Wednesday, April 27, 2011

Marvel and DC: Side-by-Side in 1982


Doug: The events of last week's post on 1981 and this one on 1982 are characterized by the rise of the direct market in comic book distribution. No longer were comics to be available only at drug stores and supermarkets. Now specialized "comic shops" sprung up around the country as entrepreneurs sought to capitalize on the hobby's increasing popularity. With that evolution, Marvel and DC not only continued to publish the short "minis", but expanded into what became known as maxi-series. Outside our windows, Argentina invaded the Falkland Islands (what the heck were they thinking?), Disney's EPCOT Center opened in October, the same month Sony's personal CD player and the Double-Stuf Oreos debuted, and in December Michael Jackson's Thriller was released. And if that wasn't enough, a little film called E.T. was in theaters in 1982. And that aggravating Rubik's Cube became a fad.

Karen: Speaking of comic shops, my first job was in a tiny (the term 'shotgun shack' would fit) mom and pop comic store. I think I started working there around 1981 or 1982. So consequently, i was reading a LOT of comics around this time, since I didn't have to pay for them! Still, I don't recall being all that excited by what I was reading.

Doug: In last week's entry on 1981, I lambasted Marvel for sitting on their hands during that year while DC seemed to make most of the innovations, and further the momentum they were gaining through the mini-series and The New Teen Titans. I think we'll find that 1982 saw Marvel rise up and punch DC right in the mouth.

Doug: In January Superman was featured in yet another mini-series, this time brought to readers by Steve Gerber and Gene Colan.
Phantom Zone #1 delved into the history of the prison dimension. In the middle of New Teen Titans #16, the 16-page preview promoted Captain Carrot and his Amazing Zoo Crew, a funny-animal strip. Marvel wasn't goofing around with funny animals (although machinations were in place for the start-up of the Star Comics imprint), but instead launched its first direct-only title with Marvel Fanfare #1, featuring Spider-Man and the X-Men in an adventure set in the Savage Land. Yeah -- that would grab anyone's attention. The alien race known as the Brood also debuted in March in X-Men #155 by Chris Claremont and Dave Cockrum. And in case you thought Marvel was done, Cloak and Dagger turned up for the first time in Spectacular Spider-Man #64. With these three items, Marvel brought to the table elements that, at least to me, characterize the company in this particular era.

Karen: At the time I was really excited about Marvel Fanfare. I don't think that enthusiasm lasted very long though. I still have several issues but I can't say I have gone back to read them in the last 25 years. I always felt the Brood were just an Aliens rip-off, and hated that they got used so much in X-Men.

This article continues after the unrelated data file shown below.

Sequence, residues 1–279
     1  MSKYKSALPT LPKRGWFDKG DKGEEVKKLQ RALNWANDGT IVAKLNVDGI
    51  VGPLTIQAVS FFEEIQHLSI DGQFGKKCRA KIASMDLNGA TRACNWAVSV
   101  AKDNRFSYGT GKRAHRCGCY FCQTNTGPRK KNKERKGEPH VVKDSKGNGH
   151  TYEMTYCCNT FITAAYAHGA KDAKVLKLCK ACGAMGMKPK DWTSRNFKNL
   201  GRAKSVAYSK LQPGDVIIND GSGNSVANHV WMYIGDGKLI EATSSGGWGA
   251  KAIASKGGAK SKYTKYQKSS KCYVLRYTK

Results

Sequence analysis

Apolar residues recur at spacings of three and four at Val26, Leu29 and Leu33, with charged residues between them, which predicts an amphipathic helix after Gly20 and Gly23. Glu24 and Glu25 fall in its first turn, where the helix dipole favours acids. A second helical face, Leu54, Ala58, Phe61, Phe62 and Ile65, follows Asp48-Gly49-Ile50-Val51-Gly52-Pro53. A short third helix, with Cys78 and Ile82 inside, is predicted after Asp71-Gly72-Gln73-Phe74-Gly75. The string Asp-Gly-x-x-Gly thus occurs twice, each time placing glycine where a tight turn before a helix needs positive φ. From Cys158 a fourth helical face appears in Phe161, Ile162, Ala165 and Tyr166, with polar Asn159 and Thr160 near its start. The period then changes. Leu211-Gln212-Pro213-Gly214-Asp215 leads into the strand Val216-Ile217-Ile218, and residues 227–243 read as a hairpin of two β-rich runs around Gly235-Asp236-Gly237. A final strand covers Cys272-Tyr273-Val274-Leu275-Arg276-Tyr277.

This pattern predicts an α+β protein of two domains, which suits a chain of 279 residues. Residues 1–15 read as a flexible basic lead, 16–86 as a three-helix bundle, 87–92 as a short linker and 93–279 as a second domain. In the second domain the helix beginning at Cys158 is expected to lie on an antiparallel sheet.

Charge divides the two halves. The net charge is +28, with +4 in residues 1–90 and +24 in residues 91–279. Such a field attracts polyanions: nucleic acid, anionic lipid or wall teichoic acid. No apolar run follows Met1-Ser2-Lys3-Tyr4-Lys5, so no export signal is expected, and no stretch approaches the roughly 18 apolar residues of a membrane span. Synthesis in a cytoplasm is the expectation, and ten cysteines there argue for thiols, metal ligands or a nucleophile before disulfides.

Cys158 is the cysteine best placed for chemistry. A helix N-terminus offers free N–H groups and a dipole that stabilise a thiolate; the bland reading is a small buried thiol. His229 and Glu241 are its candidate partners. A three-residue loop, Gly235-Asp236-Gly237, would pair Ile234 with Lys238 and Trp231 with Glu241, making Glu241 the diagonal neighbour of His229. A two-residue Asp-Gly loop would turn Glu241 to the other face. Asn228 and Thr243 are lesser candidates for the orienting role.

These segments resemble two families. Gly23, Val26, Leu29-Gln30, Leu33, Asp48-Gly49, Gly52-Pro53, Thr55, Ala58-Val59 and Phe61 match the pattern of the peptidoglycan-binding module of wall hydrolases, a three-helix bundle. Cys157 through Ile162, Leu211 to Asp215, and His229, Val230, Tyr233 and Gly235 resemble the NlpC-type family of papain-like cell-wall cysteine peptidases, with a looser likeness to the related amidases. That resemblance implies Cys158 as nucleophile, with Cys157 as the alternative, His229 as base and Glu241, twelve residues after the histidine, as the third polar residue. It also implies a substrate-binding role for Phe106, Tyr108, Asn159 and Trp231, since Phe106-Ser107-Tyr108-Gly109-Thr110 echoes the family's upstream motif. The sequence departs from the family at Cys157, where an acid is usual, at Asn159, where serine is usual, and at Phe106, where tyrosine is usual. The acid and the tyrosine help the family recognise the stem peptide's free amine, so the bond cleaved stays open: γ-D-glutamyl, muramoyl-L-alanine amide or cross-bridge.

Doug: The spring months at DC saw a flurry of note-worthy activity. The Saga of the Swamp Thing #1 arrived with the intent of generating interest in the now cult-followed feature film, Swamp Thing. This series was received well, but really took off when Alan Moore arrived a couple of years into the run. In June, one of the victims of the DC Implosion returned to his own series in The Fury of Firestorm #1 by Gerry Conway and Pat Broderick. The same month saw the release of Tales of the Teen Titans #1, a four-issue mini-series that featured origin stories for Cyborg, Changeling, Raven, and Starfire.

Karen: I recall getting all of those Teen Titan mini-series. It was such a novel concept then. Little did we know what it would turn into eventually!

Doug: In the spring Marvel countered DC with some major events of its own. April's cover-dated Daredevil #181 saw the brutal murder of Elektra at the hands of Bullseye. The same month Marvel began publication of the Marvel Graphic Novel series. The first release was The Death of Captain Marvel, where Mar-Vell succumbed to cancer. April also saw the first-ever television ads for a comic book when the G.I. Joe cartoon hawked the comic of the same name, cover-dated July. Marvel had licensed the use of the characters from Hasbro, at the request of the toy giant. To close, the Contest of Champions mini-series came out after many delays. Originally imagined as a 64-page tie-in with the Moscow Summer Games, the project had to be totally retooled after the U.S. boycott.